Celebrity Train Bleu guests included Coco Chanel, Marlene Dietrich, Jean Cocteau and Agatha Christie, who set one of her novels – The Mystery of the Blue Train – aboard it.

As reported by France24, the train was a symbol of extreme luxury, as passengers could taste a five-course meal before going to sleep in oak-panelled cars with personal attendants present to satisfy passengers’ every whim.

To open up its services to the less well-off, Le Train Bleu added second third-class coaches to its service in the early 1930s, stopping during WW2 and eventually restarting services in 1946.

In the early 1950s, some of the carriages were converted into a saloon bar, which became a favourite amongst Train Bleu aficionados.

From the 1980s, luxury night trains were replaced by TGV services, which cut down travel times significantly. Le Train Bleu ceased to exist in 2003 when SNCF renamed it Service Nuit.

Advertising poster ‘Summer on the French Riviera by the Blue Train’ from around 1925, via Huntington Digital Library.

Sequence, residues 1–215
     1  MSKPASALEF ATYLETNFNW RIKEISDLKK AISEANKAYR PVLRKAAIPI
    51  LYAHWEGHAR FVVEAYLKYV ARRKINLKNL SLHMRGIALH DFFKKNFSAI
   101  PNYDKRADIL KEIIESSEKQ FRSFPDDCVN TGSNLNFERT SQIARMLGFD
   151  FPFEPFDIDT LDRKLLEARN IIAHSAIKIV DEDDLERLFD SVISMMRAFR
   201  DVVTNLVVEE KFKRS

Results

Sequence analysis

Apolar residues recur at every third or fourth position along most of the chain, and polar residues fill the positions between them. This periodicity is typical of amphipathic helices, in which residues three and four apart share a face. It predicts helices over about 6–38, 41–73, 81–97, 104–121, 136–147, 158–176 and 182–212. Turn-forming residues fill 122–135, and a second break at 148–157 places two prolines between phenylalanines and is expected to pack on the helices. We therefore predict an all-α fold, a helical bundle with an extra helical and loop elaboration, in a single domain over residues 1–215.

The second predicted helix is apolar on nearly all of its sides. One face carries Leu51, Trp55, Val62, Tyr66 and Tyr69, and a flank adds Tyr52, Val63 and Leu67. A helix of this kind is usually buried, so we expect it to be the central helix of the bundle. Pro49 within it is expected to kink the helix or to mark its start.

Four-year hiatus 

In 2016 the French Government decided to cancel night train services, leaving only two routes – Paris to the Pyrenees and Paris to the Alps – and discontinuing the Paris-Nice night train in 2017.

The decision was based on the fact that night trains were not making enough revenue as customers were choosing quicker ways to travel around the country such as high-speed trains and planes. According to the French financial newspaper Les Echos, €100 of public subsidies went into each night train ticket that was purchased, amounting to 25% of total losses experienced by non-high-speed rail.

As a result of different factors, including the Covid-19 pandemic and demands for more environmentally friendly travel at the EU level, in 2020 French President Emmanuel Macron announced the government’s decision to restart night train services.

“We are reopening this evening things that we had perhaps a little too quickly sacrificed,” said Castex when he boarded the train in May.